The residents of Lincoln County are connected to the powerful, living landscapes of the area simply by residing in them, whether on the jagged shores of Bristol or the elevated fields of Newcastle. However, there are few who feel that bond with the earth more than Jan Goranson does to the farmlands in Dresden.
Goranson is the co-owner of Goranson Farm, located on Route 128 in Dresden. The farm, a well-known agricultural entity in Lincoln County and Maine, is popular for its variety of U.S. Department of Agriculture-certified organic produce; ranging from potatoes to sugar peas, blueberries to beats, strawberries to spinach, and even maple syrup. However, that variety wasn’t always the case.
“I was known as the potato lady,” Goranson said. “Because in 1986 when we took the farm over from my father, that’s what I had.”
Goranson arrived in Dresden with her folks at the age of 2 in 1962. Her parents, Everett and Geneva Goranson, were potato farmers from Aroostook County looking for less rocky soil. After a brief stint in Gardiner, the fine, sandy loam off the Kennebec River in Dresden was where the family landed.
“My folks were really hardworking people,” Jan Goranson said.
Jan Goranson attended Dresden Elementary School and then went to what is now Wiscasset Middle High School, where she graduated from in 1978.
“I was in school during the Maine Yankee days,” Jan Goranson said. “I had a lot of wonderful teachers.”
Despite the obvious connections being a steward of the land brings, Jan Goranson has always enjoyed the outdoors and sports. In high school she’s credited with starting both the girls tennis and girls cross-country teams.
“I ran with the boys one year,” she said, “because (the school) didn’t have (a girls team). But the following year there were enough women that wanted to have their own team.”
Jan Goranson attended Middlebury College in Vermont where she received a bachelor’s degree in geography. She then moved to California and worked at the University of California, Berkeley doing social science research.
In 1984, her father’s health deteriorating, she returned to Dresden to help on the farm.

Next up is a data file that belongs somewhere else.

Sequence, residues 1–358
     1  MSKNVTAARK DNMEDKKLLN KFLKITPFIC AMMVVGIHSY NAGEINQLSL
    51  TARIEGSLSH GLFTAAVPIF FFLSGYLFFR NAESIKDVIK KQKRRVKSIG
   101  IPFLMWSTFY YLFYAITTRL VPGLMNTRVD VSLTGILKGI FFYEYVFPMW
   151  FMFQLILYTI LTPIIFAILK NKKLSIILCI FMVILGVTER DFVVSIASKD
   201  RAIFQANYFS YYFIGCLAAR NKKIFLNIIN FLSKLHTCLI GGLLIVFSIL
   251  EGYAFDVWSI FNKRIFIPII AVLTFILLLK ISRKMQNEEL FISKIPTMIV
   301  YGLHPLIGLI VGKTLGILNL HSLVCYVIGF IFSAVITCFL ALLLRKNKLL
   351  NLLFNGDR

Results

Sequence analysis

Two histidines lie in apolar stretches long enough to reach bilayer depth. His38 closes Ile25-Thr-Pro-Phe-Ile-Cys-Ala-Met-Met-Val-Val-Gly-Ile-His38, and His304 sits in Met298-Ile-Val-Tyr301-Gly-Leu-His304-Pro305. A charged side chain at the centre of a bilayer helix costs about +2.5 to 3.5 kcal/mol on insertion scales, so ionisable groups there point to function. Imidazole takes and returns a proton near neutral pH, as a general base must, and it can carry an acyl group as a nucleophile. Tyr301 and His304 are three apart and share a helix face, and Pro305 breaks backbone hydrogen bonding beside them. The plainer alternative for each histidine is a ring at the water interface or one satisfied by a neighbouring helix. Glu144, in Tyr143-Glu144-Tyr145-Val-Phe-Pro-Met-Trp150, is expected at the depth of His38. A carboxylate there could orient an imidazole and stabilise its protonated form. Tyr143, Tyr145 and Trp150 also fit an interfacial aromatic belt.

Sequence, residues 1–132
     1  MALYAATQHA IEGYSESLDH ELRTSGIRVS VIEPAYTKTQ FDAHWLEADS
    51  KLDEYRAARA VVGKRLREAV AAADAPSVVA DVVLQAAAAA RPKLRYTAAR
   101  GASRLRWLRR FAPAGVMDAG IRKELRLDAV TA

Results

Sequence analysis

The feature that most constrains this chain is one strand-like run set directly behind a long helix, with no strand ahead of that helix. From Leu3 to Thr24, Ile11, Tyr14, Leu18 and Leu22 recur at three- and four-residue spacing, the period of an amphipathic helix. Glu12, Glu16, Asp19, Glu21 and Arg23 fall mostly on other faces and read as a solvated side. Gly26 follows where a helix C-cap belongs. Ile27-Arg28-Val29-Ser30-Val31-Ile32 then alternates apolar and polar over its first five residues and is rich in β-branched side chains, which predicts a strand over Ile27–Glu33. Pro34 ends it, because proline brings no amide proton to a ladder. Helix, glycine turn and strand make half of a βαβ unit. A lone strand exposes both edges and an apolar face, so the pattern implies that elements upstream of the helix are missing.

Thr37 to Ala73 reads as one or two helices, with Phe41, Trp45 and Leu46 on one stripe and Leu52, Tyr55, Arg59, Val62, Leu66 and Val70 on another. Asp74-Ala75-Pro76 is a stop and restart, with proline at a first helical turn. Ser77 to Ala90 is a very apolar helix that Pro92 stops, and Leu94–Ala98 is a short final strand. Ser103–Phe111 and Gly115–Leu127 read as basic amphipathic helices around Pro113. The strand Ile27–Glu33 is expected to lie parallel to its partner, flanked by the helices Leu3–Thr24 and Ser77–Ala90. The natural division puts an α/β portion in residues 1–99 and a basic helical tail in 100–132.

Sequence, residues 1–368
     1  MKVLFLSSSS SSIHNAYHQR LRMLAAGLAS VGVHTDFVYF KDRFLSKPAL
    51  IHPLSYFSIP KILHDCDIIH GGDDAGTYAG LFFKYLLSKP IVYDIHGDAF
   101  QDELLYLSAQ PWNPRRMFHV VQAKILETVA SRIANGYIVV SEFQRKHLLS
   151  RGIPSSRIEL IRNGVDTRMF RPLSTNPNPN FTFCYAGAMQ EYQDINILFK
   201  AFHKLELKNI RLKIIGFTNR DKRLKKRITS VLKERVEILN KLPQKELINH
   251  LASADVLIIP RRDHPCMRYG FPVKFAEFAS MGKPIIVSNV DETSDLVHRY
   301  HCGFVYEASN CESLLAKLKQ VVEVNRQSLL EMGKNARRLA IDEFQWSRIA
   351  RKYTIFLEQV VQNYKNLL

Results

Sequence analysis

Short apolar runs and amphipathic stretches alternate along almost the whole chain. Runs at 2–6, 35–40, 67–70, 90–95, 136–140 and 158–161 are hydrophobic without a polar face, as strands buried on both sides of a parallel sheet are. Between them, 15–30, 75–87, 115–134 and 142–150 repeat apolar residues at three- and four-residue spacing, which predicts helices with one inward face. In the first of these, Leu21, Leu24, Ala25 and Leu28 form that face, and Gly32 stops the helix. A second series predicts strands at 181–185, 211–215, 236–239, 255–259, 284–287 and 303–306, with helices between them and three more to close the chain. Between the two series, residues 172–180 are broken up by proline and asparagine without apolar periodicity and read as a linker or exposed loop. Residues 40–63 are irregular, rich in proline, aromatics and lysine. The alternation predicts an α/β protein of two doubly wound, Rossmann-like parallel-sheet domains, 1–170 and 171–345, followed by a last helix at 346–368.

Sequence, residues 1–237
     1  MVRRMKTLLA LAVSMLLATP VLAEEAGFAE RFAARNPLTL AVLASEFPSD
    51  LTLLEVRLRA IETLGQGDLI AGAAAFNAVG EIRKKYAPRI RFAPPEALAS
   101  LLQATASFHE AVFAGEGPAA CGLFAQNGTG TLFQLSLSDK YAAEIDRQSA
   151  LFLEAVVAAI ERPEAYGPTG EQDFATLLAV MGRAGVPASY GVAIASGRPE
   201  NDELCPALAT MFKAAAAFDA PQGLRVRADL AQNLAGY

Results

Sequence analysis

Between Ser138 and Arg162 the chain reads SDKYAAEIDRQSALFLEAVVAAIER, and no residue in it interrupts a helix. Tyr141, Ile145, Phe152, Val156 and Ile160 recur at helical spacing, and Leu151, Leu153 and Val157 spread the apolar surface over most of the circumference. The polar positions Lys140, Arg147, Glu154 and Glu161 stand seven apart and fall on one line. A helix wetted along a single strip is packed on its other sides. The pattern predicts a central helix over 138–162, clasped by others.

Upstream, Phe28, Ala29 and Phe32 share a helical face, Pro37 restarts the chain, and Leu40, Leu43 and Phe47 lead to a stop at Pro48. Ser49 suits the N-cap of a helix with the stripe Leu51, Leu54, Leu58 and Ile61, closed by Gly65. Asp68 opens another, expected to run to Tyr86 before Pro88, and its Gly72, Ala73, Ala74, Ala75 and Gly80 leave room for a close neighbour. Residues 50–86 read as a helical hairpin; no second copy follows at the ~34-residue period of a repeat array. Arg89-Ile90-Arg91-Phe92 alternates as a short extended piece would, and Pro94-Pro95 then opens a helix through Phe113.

“I came back to help, not necessarily to be a farmer, but to help,” Jan Goranson said. “But it occurred to me that no one knew how to do what my father did on the farm.”
Jan Goranson and her husband, Rob Johanson, of Whitefield, have been running Goranson Farm since 1986 when her father passed away.
“My uncle from The County actually came down to show us how to run our potato harvester,” Jan Goranson said. “And Rob is super adept at machinery.”
Over the nearly 40 years since, the farm has changed what its grown and its name, although Jan Goranson isn’t sure exactly when the latter happened.
“We were called Goranson Potato Farm,” she said. “At some point, we dropped the ‘Potato.’”
Through running a farm and a family, there were many lessons along the way for Jan Goranson, but one of the most unexpected lessons was a realization of resilience and community support. This was emphasized in 2005 when their storage barn burned to the ground in January.
“When our barn burned down, it was devastating,” she said. “We weren’t sure how we were going to afford a new one in the middle of winter.”
Yet, they did. By that spring, the Friends of Goranson Farm has formed, composed of local business owners and residents, to put together fundraisers, like community suppers, to help replace the barn and the equipment inside that was lost.
“We set up an event for 250 people and when 400 showed up, I was blown away,” Jan Goranson said. “We’ve so many special friends here.”
Jan Goranson and her husband have two sons, Carl and Goran, who play significant roles in the farms function and daily operations.
“We’re so grateful to all that they do,” Jan Goranson said. “They’re doing so much planning and management, along with other members of our crew, it’s phenomenal.”
The tremendous amount of work that goes into tending a 100-acre farm doesn’t lend itself to frequent vacations, but when they have a moment, Jan Goranson and her husband like getting out on the river in the boat or cross-country skiing.
“I love that we have the Kennebec River,” Jan Goranson said. “And we can take a ride down to Bath and get off on the dock down there”
According to Jan Goranson, her relationship with the farm land in Dresden is a strong, emotional bond.
“Our lifestyle is such that Rob and I have pretty much been on the farm 24/7 for over 35 years,” Jan Goranson said.
She said that’s something she’s never resented and being there on the farm was always a decision they made.
“This has always been our choice,” Jan Goranson said.
For information about Goranson Farm, go to goransonfarm.me or find the farm on Facebook.
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